In this article we’ll be taking a look at three must-have latin piano grooves. The great thing about these latin piano grooves is that they’re fairly easy and illustrate quite nicely how much music you can make using simple chord structures and some syncopated rhythms. If you like latin piano grooves and want even more great examples, complete with detailed instruction and demonstration, be sure to check out our great lesson Quick Latin Grooves! Be sure to practice these grooves with your metronome to really perfect the syncopated, rhythmic sense of time.
Latin Piano Grooves: The “ii – V” Groove
This is perhaps the most basic and one of the most common latin piano grooves. If you like listening to or playing latin music you’re destined to encounter this groove at some point. What makes it so common? Well, it’s a simple groove so it’s something that can be learned quickly. It’s also effective because it works over a “ii – V” progression, which is one of the most common progressions in all styles of music.
Let’s plug in a couple chords and get started. We’re going to play this latin groove in the key of Bb major, so for the “ii” chord we’ll use a C minor 7th chord, and for the “V7” chord we’ll use an F7 chord.
Look at how basic and simple the bass line is – moving from ‘C’ up to ‘F’ and up to ‘C,” and then back down. Notice also that this groove emphasizes the upbeats (what we call the “ands” of each beat when counting “one and two and three and four and“).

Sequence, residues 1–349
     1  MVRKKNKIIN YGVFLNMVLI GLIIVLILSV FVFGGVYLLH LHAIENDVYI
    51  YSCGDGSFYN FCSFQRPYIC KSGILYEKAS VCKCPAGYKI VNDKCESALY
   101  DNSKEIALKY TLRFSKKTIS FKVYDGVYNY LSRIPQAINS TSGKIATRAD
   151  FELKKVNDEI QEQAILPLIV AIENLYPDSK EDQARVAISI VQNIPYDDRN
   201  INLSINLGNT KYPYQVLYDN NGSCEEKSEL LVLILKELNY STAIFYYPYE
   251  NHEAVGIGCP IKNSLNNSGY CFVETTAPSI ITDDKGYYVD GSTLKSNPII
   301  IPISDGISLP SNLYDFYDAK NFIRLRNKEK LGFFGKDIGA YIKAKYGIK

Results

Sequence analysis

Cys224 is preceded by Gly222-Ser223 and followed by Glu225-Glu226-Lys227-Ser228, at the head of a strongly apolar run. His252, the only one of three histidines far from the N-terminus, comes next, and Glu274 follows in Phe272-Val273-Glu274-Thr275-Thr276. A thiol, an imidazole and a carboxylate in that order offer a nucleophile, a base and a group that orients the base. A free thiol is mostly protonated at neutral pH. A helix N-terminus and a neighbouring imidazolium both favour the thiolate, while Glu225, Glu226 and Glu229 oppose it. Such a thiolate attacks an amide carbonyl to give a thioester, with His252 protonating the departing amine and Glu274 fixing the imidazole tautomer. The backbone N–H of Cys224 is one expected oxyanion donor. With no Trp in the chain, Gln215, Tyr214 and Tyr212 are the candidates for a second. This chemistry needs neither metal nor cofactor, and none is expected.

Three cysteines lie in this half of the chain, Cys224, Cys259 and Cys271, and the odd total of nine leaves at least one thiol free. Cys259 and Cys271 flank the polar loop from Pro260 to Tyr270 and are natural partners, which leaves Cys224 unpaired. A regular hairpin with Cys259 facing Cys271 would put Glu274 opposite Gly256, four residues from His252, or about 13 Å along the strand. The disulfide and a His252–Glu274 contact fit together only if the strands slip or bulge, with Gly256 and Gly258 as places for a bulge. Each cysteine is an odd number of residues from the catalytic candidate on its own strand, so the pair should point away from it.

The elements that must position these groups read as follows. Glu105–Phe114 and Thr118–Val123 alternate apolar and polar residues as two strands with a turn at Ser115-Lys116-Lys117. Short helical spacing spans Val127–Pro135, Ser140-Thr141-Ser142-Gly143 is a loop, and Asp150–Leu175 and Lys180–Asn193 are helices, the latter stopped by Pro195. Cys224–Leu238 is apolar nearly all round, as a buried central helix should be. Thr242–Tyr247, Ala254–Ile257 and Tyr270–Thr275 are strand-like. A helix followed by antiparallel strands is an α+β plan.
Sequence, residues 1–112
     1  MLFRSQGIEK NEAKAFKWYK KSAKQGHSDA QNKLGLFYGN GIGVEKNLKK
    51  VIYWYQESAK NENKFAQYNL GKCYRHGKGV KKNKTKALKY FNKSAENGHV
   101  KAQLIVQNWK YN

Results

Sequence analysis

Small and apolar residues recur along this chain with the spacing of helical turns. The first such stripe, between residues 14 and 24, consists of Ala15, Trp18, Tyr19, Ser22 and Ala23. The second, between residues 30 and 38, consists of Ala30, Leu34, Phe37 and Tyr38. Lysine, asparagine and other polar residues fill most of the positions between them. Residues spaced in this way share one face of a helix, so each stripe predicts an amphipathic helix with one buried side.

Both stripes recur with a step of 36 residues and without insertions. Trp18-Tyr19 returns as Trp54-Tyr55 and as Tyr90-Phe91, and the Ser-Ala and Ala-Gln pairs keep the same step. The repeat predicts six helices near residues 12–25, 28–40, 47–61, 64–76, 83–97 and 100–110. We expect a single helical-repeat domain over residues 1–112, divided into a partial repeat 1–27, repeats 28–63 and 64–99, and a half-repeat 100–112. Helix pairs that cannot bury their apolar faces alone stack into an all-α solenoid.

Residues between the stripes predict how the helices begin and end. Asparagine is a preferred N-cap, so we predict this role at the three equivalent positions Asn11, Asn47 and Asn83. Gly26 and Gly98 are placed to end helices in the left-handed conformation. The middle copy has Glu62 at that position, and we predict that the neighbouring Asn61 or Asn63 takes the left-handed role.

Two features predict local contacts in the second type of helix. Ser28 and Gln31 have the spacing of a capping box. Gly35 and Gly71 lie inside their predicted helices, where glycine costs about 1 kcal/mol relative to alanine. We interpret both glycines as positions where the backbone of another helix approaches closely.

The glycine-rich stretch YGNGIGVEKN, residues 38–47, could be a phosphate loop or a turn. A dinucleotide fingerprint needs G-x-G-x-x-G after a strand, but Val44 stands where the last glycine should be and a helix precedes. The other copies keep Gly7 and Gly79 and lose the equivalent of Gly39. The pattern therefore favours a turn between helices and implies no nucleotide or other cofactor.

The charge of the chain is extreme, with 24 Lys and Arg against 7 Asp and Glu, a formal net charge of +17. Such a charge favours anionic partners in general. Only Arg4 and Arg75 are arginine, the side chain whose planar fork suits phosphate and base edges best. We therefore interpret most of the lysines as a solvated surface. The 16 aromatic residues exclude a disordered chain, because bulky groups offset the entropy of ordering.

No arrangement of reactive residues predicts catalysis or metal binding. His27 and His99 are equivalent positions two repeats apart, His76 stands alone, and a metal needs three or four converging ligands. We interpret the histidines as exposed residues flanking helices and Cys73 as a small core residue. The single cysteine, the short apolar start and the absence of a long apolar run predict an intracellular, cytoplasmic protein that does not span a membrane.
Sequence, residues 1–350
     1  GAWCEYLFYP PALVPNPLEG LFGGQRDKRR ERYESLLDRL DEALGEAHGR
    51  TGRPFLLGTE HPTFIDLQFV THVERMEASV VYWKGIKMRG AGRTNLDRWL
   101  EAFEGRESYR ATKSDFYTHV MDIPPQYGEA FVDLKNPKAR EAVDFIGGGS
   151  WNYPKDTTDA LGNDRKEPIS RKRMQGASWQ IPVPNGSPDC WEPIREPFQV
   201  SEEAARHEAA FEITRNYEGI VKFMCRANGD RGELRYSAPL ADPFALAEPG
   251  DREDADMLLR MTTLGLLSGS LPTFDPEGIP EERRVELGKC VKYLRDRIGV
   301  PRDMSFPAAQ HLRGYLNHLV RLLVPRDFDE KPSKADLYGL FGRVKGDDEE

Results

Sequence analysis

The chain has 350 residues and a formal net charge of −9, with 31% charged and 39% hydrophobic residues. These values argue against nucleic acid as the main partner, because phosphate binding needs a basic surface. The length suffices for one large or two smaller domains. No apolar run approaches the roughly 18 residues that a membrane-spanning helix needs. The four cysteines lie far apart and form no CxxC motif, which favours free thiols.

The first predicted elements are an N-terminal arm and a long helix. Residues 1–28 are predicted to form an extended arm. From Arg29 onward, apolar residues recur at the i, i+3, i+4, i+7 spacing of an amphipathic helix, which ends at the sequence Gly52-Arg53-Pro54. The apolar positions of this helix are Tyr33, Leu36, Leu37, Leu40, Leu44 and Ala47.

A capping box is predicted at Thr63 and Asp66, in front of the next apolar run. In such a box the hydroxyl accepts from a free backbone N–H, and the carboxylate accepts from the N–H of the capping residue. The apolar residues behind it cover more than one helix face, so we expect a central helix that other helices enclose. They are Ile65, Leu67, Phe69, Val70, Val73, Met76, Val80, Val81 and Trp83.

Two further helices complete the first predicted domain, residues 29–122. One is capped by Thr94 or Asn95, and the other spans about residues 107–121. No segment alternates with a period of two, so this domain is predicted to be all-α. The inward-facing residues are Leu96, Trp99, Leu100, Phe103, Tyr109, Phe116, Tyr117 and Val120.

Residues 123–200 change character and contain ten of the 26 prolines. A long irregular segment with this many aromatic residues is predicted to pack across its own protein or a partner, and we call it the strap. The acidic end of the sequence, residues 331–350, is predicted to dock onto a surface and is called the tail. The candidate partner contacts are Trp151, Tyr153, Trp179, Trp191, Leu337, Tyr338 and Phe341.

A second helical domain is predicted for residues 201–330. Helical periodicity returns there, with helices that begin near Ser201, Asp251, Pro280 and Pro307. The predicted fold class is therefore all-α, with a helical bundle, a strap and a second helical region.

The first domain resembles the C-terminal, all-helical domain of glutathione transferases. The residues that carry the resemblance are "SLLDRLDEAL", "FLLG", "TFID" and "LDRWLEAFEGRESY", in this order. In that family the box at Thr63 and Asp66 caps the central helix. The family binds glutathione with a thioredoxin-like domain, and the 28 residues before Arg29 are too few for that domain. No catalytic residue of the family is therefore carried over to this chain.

Latin Piano Grooves: Minor (i – V/V – V)
This groove is much more challenging than the “ii-V” groove above, so be sure to work hands separately before putting hands together. It also sounds really great at a faster tempo, so start slowly and gradually increase your speed.
This groove is based in C minor. It’s basically a “i-ii-V” progression except that the “ii” chord is not minor – it’s dominant. Where does that D7 chord come from? It’s what we call a secondary dominant, and we refer to it as a “five of five.” The terms “secondary dominant” and “five of five” (or V/V) mean that the D7 is the ‘V’ chord of the G7. The D7 chord is outside of the key (C minor) but resolves to the G7 (which is inside the key).
Latin Piano Grooves (BONUS): Another (Famous) “ii – V” Groove
I’m guessing that most of you have heard of this one before, but if you haven’t it’s absolutely a must-know “ii-V” latin groove. Perhaps one of the most famous “ii-V” grooves of all-time – “Oye Como Va” by Santana. It’s pretty easy, alternating back and forth for the whole tune between A minor 7 and D7.
Notice again that this groove stresses the upbeats (or off-beats, as they’re sometimes called). Learn this groove and then practice playing along with the original recording to really master the vibe and feel. (Hint: the original groove is played on organ).